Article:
- (3) When the “atonement money” as well as the medical and welfare support were provided to individual former comfort women, then-Prime Ministers (namely, PM Ryutaro Hashimoto, PM Keizo Obuchi, PM Yoshiro Mori and PM Junichiro Koizumi) sent signed letters expressing apologies and remorse directly to each former comfort woman.
- (4) As stated in the Statement by the Prime Minister issued in 2015, Japan will engrave in its heart the past, when the dignity and honour of many women were severely injured during wars in the 20th century. Japan will lead the world in making the 21st century an era in which women’s human rights are not infringed upon.
- (5) Despite such sincere efforts by the Government of Japan, there are claims that can hardly be said to be based on historical facts, such as the allegations of “forceful taking away” of comfort women and “sex slaves” as well as the figures “200,000 persons” or “several hundred thousands” for the total number of comfort women.
The Government of Japan’s position regarding these claims is as follows;
- “Forceful taking away”
“Forceful taking away” of comfort women by the Japanese military and government authorities could not be confirmed in any of the documents that the Government of Japan was able to identify. (This position is stated, for example, in a written answer approved by the Cabinet on December 16, 1997 to the question by a member of the House of Representatives.)
- “Sex slaves”
The expression “sex slaves” contradicts the facts so that it should not be used. This point was confirmed with the ROK at the occasion of the Japan-ROK Agreement in December 2015 and the expression “sex slaves” is not used in the agreement.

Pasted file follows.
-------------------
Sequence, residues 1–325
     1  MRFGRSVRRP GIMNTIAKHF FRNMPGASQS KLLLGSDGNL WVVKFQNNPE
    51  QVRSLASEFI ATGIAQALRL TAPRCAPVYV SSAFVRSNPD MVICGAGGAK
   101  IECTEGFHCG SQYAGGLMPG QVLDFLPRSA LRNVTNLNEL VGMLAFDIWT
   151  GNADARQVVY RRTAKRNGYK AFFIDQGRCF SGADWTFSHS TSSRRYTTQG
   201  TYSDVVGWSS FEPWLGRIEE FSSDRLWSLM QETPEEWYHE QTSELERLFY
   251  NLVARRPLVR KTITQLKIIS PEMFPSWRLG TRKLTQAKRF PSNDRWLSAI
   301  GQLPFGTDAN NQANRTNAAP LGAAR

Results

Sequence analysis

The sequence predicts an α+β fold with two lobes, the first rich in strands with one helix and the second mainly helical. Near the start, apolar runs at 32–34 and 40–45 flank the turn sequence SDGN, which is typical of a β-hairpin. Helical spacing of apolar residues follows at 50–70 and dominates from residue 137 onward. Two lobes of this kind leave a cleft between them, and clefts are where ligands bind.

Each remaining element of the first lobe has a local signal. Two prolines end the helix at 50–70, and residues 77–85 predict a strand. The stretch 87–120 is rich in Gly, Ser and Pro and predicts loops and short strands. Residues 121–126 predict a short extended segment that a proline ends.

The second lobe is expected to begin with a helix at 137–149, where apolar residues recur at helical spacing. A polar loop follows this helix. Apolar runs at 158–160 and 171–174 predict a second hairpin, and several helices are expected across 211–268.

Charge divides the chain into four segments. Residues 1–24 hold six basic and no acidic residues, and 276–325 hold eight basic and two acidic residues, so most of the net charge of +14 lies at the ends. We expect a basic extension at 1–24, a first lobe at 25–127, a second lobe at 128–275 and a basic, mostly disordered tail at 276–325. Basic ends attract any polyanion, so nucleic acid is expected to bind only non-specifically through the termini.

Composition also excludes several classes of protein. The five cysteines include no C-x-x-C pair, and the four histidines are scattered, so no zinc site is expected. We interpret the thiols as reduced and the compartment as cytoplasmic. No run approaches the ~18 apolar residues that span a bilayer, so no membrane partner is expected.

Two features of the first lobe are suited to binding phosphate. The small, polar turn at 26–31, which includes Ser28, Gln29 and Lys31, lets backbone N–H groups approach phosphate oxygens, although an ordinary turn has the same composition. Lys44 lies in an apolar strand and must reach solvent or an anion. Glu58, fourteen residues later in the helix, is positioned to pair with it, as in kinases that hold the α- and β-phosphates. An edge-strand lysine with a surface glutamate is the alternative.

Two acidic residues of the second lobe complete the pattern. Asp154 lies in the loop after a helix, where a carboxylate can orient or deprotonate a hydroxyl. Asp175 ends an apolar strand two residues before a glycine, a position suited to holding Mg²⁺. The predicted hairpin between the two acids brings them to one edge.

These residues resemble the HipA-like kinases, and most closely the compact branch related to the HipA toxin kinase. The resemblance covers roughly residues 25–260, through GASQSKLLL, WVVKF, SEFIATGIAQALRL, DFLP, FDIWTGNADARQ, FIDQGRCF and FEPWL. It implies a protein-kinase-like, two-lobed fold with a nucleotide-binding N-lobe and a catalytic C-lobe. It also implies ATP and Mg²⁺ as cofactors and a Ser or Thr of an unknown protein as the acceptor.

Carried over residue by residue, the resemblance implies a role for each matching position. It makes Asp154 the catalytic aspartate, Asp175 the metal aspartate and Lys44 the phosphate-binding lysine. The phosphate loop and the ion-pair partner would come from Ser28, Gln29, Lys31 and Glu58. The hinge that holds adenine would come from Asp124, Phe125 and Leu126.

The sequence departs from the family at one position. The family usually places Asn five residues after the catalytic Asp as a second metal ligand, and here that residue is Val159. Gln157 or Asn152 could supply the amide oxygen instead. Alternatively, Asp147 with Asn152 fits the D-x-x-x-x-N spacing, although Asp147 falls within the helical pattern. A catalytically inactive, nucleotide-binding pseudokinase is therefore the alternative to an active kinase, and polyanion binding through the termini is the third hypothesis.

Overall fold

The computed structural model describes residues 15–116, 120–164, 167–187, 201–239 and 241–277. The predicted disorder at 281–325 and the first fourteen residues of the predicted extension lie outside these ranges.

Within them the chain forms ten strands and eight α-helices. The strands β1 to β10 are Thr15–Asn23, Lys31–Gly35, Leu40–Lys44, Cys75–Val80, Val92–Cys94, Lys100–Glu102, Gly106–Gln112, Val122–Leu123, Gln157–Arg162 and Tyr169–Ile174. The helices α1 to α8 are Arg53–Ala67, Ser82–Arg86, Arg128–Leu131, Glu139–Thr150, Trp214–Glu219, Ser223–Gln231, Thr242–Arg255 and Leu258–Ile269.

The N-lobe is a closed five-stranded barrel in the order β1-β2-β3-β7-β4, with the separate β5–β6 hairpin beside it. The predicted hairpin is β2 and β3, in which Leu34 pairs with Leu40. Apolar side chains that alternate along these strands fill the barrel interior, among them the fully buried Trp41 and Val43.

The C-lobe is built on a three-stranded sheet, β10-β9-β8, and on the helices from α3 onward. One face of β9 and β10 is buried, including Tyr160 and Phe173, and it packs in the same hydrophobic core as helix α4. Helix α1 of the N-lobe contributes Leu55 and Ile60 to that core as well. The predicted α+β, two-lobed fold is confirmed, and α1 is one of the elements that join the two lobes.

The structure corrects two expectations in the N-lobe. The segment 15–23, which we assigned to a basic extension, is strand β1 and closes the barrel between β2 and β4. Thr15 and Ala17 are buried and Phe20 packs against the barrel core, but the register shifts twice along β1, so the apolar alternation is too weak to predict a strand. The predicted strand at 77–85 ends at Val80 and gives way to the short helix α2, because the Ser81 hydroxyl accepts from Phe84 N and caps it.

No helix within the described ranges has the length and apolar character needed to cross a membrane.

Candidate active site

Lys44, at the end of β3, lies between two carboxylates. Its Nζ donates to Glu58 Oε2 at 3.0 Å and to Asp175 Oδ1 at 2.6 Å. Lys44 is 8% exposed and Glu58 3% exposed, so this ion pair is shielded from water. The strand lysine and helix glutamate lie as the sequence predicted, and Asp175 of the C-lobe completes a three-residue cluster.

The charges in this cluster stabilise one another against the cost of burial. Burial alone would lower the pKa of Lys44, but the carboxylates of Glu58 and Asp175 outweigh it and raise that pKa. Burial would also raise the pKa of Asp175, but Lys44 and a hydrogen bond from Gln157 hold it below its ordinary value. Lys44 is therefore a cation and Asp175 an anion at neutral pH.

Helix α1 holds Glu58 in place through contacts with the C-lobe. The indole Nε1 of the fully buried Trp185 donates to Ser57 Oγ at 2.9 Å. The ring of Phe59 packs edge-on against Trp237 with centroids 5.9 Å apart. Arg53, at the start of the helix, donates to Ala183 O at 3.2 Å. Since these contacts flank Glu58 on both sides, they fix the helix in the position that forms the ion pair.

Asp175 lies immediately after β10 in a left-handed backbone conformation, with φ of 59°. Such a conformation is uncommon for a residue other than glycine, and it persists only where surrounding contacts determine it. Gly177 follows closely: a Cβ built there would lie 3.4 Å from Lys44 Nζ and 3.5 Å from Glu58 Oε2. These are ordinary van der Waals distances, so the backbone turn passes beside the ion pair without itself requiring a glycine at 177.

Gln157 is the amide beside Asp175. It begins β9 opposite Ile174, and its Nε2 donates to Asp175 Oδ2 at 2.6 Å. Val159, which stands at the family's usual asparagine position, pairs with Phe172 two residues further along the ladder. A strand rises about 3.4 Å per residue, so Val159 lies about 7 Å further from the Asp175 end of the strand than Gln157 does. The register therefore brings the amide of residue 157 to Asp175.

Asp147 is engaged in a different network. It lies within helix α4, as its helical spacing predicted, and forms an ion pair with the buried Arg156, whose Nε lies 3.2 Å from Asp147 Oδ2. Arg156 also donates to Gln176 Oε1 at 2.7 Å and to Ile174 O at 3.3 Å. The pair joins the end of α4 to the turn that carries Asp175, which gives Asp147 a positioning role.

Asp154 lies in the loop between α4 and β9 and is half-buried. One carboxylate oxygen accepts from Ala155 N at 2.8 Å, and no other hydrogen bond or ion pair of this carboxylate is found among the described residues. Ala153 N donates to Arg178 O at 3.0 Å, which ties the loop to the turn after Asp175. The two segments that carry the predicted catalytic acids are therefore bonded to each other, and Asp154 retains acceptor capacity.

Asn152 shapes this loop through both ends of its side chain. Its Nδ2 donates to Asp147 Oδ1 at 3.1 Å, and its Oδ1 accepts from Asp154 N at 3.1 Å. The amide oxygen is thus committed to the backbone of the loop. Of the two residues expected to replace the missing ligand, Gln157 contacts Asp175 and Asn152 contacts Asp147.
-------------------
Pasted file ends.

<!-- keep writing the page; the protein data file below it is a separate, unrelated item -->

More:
- Figures such as “200,000 persons” for the total number of comfort women
The figure “200,000 persons” lacks concrete evidence. As stated in the report of the Government study’s result of August 4, 1993, it is virtually impossible to determine the total number of comfort women as no documents have been found which either indicate the total number or give sufficient ground to establish an estimate.
- “Forceful taking away”
- (6) The Government of Japan has been making efforts to provide clear explanations regarding its sincere efforts and official position in international fora. Specifically, at the UN, the Government of Japan has explained its position at a number of opportunities such as during the examination of the Seventh and Eighth Periodic Reports by the Government of Japan on the implementation of the Convention on the Elimination of All Forms of Discrimination against Women (CEDAW) in February 2016 and the Ninth Periodic Report on the Implementation of the CEDAW in September 2021. In February 2017, the Government of Japan also submitted its amicus curiae brief(PDF) to the U.S. Supreme Court for the trial concerning a comfort woman statue installed in Glendale in the suburbs of Los Angeles, United States.